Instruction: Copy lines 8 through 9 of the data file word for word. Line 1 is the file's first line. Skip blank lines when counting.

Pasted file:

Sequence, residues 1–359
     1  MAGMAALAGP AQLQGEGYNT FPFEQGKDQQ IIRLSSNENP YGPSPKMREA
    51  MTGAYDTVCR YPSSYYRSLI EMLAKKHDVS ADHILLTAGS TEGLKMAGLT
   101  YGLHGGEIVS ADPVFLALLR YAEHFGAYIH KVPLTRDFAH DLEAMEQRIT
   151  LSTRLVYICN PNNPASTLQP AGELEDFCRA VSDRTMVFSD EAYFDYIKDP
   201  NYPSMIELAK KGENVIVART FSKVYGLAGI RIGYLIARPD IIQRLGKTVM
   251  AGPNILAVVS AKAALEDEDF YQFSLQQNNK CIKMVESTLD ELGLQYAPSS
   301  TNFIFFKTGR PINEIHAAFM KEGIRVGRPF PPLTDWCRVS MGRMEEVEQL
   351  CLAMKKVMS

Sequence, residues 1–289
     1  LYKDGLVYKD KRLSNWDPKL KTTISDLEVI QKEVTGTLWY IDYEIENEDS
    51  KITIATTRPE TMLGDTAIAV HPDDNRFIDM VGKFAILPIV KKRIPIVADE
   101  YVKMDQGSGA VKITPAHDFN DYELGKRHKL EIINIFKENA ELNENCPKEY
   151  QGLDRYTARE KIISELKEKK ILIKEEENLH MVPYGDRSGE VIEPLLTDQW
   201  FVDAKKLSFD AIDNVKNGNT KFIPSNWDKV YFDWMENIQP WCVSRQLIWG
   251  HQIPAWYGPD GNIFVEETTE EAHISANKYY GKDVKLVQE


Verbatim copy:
   301  TNFIFFKTGR PINEIHAAFM KEGIRVGRPF PPLTDWCRVS MGRMEEVEQL
   351  CLAMKKVMS